BT's demerged mobile arm, O2, was floated on the stock market yesterday. The demerger has received widespread criticism from rival operators, MPs and Trade Unions. But what impact it will have on BT's customers remains to be seen.

O2 will separate from BT carrying £500m of BT's £28bn debt mountain. This, rather bizarrely, leaves BT to carry the £8.2bn debt it incurred buying the 3G licences that O2 will eventually use to provide third generation wireless services.

Connect, the union for telecommunications workers, campaigned against the demerger not only because of the probability of job losses but also because it would mean BT was "saddled with huge debts", said the union, debts arising from its investment in mobile assets, "crippling it with payments for future operations that are no longer a part of the company".

The worry is that BT's fixed-line business will be weakened and will will have to find a way to meet repayments, while O2 gets away virtually scot-free.

O2 marketing director David Nicholas was keen to emphasise the benefits of a demerged mobile company. "It will mean our management is purely focused on the mobile industry which will mean we are able to concentrate all our efforts on one goal," he said.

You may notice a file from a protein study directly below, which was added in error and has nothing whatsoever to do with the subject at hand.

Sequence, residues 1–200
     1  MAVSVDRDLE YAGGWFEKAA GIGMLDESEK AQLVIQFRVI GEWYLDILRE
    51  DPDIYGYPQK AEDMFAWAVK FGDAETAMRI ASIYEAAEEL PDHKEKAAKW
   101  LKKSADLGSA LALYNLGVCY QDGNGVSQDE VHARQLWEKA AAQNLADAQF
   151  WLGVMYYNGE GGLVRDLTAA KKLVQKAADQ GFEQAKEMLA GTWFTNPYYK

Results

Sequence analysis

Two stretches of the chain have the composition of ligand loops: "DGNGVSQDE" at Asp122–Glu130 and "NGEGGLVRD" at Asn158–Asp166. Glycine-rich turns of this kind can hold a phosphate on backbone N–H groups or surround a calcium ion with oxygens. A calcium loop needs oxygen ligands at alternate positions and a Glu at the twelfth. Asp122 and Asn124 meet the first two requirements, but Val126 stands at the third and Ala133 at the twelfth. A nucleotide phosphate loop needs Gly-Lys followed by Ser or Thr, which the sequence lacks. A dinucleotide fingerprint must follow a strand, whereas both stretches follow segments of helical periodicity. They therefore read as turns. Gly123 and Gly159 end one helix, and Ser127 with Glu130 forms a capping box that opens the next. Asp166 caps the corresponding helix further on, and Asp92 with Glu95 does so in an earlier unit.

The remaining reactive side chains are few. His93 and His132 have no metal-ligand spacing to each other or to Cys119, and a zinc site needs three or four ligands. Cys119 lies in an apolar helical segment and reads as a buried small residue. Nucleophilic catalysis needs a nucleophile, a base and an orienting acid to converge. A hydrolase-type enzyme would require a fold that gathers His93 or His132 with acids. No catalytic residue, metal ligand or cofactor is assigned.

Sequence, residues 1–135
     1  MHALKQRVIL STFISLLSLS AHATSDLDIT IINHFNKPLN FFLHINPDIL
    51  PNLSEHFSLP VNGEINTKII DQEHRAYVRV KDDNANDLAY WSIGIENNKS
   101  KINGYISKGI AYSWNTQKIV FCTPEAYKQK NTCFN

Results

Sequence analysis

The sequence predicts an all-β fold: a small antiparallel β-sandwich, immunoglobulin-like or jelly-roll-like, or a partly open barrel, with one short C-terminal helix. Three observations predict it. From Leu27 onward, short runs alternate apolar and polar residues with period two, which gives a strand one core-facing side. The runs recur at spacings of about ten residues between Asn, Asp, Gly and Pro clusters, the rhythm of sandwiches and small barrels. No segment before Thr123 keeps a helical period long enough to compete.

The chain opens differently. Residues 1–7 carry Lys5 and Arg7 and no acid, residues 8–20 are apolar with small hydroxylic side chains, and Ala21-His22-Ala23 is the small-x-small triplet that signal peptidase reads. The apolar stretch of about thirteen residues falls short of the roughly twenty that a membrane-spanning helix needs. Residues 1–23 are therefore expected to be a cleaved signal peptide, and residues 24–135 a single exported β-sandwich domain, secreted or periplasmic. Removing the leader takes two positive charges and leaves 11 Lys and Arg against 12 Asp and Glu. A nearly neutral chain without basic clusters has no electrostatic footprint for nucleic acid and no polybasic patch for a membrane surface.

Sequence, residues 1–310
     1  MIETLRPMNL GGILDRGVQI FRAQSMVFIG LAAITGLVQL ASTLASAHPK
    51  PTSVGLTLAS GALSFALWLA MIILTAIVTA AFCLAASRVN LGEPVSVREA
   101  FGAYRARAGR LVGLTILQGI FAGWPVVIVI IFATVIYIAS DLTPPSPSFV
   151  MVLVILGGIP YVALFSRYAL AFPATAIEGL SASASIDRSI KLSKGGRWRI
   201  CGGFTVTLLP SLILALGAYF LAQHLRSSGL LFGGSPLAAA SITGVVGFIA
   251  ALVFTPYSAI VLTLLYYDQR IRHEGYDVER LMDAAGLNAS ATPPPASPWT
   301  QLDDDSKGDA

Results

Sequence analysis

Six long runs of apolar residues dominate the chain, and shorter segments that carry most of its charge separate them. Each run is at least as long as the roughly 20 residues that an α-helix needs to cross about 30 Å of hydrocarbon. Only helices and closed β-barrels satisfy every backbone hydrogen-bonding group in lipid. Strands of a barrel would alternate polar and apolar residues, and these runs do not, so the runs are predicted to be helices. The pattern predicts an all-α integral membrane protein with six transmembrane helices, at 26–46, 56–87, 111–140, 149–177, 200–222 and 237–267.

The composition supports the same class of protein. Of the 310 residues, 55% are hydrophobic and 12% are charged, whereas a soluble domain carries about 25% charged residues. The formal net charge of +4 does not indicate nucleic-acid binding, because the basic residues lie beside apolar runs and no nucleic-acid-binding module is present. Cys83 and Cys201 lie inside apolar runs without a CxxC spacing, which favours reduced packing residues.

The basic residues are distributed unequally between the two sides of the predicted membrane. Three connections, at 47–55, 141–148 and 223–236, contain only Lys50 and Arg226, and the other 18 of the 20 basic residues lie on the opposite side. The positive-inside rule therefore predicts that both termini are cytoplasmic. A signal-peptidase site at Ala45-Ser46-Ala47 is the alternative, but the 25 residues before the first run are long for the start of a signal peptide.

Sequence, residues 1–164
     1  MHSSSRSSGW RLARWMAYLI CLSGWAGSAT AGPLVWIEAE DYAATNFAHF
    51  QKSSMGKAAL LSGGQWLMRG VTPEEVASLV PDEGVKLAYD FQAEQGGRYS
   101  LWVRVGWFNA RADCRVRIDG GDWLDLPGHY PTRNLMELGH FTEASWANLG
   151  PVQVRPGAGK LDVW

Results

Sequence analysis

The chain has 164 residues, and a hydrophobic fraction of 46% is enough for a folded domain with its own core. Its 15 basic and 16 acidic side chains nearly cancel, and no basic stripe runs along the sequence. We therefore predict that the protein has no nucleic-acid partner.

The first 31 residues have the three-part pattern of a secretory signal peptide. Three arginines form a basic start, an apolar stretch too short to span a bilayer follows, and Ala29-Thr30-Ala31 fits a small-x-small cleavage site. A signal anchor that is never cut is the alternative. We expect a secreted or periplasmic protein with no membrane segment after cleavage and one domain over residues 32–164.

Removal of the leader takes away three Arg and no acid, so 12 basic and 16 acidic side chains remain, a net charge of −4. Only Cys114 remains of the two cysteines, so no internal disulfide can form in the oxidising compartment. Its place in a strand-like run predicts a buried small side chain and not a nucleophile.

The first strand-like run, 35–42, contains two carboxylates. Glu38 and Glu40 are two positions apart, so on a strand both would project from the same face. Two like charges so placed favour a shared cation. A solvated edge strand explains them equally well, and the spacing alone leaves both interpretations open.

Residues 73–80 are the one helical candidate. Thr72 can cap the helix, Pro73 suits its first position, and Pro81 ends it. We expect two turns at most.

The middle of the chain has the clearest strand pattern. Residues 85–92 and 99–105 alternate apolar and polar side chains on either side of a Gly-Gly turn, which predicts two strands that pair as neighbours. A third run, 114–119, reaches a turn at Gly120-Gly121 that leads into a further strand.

BT said its fixed-line customers would not suffer higher bills as a result of the debt, and highlighted that BT was already ahead in its repayments.

Jan Ten Sytoff, telecoms analyst at research firm Frost & Sullivan, thinks it is too early to predict the long-term impact of the move. He said any negative effects created by the debt will "harm BT far more than its consumers".

"If BT's debt does mean they cannot reduce costs for fixed-line customers as [efficiently] then it will be BT that will suffer. If it becomes uncompetitive then customers will find themselves a new operator."

Existing BT Cellnet contracts will not be altered with all terms and conditions remaining the same at this point remain the same. From today BT will no longer have control over O2.